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Developmental Therapeutics Program (DTP)
Last Updated: 04/02/15

Functional Genomics Laboratory at
the Frederick National Laboratories
for Cancer Research

The Functional Genomics Laboratory provides genomic techniques, including gene expression microarrays, exon arrays, microRNA arrays, TaqMan® real-time polymerase chain reaction (RT-PCR), reporter gene assays, multiplexing gene assays, RNA interference, methylation assays, metabolic analyses, elucidation of protein expression, immunofluorescence and anchorage dependent and independent growth assays plus others as tools to identify potential drug targets and to determine the role of selected genes in the mechanisms of drug action and cellular responses to stressors. These methods are useful to probe for insights into the mechanisms of action of novel agents, as well as for detailed analyses of specific cells. The functional genomics lab is a resource that is widely tapped into by collaborators within NCI as well as external investigators.1-8 The FGL has taken on large-scale projects including profiling of gene expression changes in the NCI60 cell line panel following exposure to 15 anticancer agents with varied mechanisms of action after 2, 6 and 24 hours exposure at two concentrations. Analyses of these data may elucidate cellular responses to the drugs and potentially lead to new rationale drug combinations or elucidate new points of vulnerability in the malignant cells which can be targeted with therapeutic agents. FGL is currently involved in the full genomic characterization (gene expression, exon expression, mutations, deletions, amplifications, microRNAs and other non-coding RNAs) of the human sarcoma lines and SCLC lines with a goal of identifying potential drug targets in normal and mutant proteins. The FGL is headed by Dr. Anne Monks who has >20 years experience at NCI.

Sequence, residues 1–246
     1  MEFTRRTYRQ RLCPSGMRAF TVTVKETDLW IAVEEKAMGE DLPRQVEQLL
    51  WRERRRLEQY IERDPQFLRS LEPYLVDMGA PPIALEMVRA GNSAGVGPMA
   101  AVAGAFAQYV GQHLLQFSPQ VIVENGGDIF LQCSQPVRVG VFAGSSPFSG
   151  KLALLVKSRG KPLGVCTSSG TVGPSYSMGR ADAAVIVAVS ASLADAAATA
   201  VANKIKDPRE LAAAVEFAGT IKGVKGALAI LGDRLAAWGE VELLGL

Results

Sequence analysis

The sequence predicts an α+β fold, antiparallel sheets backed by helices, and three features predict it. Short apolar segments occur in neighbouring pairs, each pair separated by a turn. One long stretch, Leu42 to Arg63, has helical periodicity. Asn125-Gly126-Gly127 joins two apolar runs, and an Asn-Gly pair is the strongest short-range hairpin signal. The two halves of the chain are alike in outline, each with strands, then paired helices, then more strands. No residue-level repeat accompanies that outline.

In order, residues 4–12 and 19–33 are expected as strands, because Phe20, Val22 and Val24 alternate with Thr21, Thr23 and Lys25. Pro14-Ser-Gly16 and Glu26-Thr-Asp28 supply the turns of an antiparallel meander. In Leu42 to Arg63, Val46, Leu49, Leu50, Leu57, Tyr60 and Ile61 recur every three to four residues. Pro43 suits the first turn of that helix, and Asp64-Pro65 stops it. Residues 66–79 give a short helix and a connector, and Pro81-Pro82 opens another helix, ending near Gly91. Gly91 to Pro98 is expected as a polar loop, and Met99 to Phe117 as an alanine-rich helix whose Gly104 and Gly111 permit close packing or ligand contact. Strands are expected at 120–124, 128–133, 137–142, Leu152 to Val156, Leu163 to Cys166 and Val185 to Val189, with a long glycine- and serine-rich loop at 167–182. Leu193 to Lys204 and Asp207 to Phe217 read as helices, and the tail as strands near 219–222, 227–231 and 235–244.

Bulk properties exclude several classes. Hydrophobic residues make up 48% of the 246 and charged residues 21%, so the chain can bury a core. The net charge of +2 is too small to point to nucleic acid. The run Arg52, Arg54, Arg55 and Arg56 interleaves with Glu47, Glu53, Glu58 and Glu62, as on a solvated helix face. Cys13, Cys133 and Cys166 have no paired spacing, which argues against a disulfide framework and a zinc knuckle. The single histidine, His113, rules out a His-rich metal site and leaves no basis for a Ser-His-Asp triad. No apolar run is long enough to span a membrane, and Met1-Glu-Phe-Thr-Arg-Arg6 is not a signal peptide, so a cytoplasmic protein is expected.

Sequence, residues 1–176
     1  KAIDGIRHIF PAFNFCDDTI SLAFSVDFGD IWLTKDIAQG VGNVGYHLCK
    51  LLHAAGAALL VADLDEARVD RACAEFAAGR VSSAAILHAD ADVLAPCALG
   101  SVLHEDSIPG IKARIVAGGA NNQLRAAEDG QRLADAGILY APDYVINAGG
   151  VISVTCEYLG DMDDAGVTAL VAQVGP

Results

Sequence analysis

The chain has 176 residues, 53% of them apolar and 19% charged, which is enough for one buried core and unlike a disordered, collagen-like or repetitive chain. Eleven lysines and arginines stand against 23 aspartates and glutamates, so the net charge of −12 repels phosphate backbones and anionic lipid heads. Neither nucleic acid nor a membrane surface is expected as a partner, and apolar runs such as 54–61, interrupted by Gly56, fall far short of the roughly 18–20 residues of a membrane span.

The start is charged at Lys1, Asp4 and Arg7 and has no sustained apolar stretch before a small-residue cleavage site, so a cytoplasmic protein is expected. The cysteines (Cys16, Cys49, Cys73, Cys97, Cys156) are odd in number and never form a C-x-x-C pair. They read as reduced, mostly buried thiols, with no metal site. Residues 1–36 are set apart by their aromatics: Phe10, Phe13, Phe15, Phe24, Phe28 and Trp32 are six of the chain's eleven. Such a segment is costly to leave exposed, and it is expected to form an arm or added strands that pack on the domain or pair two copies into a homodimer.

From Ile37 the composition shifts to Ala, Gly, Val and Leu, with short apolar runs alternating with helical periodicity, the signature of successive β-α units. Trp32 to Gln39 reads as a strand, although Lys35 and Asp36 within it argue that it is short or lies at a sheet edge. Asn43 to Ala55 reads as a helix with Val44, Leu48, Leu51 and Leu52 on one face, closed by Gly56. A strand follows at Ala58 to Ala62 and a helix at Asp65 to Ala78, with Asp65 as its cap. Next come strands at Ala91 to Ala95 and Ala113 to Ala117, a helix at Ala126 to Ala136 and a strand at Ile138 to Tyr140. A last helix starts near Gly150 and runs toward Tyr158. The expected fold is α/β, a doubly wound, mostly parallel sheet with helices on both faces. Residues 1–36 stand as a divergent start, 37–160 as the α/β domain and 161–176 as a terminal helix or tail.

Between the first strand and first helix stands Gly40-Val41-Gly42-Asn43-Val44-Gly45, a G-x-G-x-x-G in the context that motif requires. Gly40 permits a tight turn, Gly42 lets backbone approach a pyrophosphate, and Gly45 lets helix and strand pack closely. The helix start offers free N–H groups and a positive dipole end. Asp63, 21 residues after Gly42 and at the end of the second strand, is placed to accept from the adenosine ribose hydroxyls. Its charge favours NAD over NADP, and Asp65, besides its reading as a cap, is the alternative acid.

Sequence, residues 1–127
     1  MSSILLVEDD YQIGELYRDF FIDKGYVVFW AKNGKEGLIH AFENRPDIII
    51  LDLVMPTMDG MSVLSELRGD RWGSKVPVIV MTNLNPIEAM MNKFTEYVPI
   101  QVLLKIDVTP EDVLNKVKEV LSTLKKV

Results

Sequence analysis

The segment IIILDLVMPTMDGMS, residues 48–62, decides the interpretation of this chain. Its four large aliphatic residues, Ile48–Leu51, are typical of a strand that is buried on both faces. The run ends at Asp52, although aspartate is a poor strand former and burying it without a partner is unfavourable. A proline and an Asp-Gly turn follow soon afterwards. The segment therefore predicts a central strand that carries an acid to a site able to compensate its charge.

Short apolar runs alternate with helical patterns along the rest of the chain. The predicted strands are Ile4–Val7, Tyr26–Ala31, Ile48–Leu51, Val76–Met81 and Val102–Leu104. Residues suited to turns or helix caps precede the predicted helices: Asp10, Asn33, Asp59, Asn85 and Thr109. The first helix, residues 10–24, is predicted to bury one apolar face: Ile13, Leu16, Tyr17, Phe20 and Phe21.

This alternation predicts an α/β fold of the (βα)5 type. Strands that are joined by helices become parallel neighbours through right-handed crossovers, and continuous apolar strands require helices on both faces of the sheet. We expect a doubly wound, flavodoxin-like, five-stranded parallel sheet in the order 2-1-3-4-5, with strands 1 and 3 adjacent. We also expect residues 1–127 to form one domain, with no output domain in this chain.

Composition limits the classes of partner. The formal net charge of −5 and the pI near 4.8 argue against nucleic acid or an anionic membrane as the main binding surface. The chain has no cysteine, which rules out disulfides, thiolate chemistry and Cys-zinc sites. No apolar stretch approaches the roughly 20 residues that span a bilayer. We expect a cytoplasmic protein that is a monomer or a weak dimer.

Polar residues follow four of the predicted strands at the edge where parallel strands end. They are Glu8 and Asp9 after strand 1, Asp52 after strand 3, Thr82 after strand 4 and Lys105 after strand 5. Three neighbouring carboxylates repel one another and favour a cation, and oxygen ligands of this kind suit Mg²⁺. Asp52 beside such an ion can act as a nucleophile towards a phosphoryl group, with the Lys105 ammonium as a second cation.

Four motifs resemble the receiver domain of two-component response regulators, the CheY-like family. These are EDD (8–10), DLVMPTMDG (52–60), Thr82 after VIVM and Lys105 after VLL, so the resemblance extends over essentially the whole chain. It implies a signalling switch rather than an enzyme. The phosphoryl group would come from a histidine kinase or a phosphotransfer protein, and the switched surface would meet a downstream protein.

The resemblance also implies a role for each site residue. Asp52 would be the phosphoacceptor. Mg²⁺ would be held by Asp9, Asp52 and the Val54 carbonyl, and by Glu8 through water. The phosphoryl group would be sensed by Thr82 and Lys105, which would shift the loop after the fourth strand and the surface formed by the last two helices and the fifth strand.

References

  1. Kummar S, Kinders R, Gutierrez ME, Rubinstein L, Parchment RE, Phillips LR, Ji J, Monks A, low JA, Chen A, Murgo AJ, Collins J, Steinberg SM, Eliopoulos H, Giranda VL, Gordon G, Helman L, Wiltrout R, Tomaszewski JE, Doroshow JH. Phase o clinical trial of the poly (ADP-ribose) polymerase inhibitor ABT-888 in patients with advanced malignancies. J Clin Oncol 2009; 2705-11.
  2. Fer ND, Shoemaker RH, Monks A. Adaphostin toxicity in a sensitive non-small cell lung cancer model is mediated through Nrf2 signaling and heme oxygenase 1. J Exp Clin Cancer Res 2010; 29: 91-8.
  3. Muus U, Hose C, Yao W, Kosalkowska-Cholody T, Farnsworth D, Dyba M, Lountos GT, Waugh DS, Monks A, Burke TR, Michejda CJ. Bioorg Med Chem 2010; 18: 4535-41.
  4. Jobson AG, Lountos GT, Lorenzi PL, Connelly J, Cerna D, Tropea JE, Onda A, Zoppoli G, Kondapaka S, Zhang G, Caplen NJ, Cardellina JH, Yoo SS, Monks A, Self C, Waugh DS, Shoemaker RH, Pommier Y. Cellular inhibition of checkpoint kinase 2 (Chk2) and potentiation of campothecins and radiation by the novel Chk2 inhibitor PV1019 [7-nitro-1H-indole-2-carboxylic acid {4-[1-(guanidinohydrazone)-ethyl]-phenyl}-amide]. J Pharmacol Exp Therap 2009; 331: 816-26.
  5. Monks A, Hose C, Pezzoli P, Kondapaka S, Vasant G, Petersen KD, Sehested M, Monteforte J, Shoemaker RH. Gene expression-signature of belinostat in cell lines is specific for histone deacetylase inhibitor treatment, with corresponding signature in xenografts. Anticancer Drugs 2009; 20: 682-92.
  6. Kosakowska-Cholody T, Cholody WM, Hariprakasha HK, Monks A, Kar S, Wang M, Michejda CJ, Carr BI. Growth inhibition of hepatocellular carcinoma cells in vitro and in vivo by the 8-methoxy analog of WMC79. Cancer Chemotherap Pharmacol 2009; 63: 769-78.
  7. Martinez JM, Sali T, Okazaki R, Anna C, Hollingshead M, Hose C, Monks A, Walker NJ, Baek SJ, Eling TE. Drug-induced expression of nonsteroidal anti-inflammatory drug-activated gene/macrophage inhibitory cytokine-1/prostate-derived factor, a putative suppressor, inhibits tumor growth.
  8. Wallqvist A, Connelly J, Sausville EA, Covell DG, Monks A. Differential gene expression as a potential classifier of 2-(4-amino-3-methylphenyl)-5-fluorobenzothiazole-sensitive and -insensitive cell lines. Molec Pharmcol 2006; 69: 737-48.

About the Branch Chief

Dr. Mary K. Wolpert, Ph.D. Dr. Beverly A. Teicher PhD is Chief of the Molecular Pharmaco-logy Branch at NCI, a position that she assumed in early 2011. One focus of the Molecular Pharmacology Branch is target and drug discovery for rare and recalcitrant cancers such as sarcoma and small cell lung cancer. Dr. Teicher completed a PhD in Bioorganic Chemistry at the Johns Hopkins University and postdoctoral training at Yale University School of Medicine. More…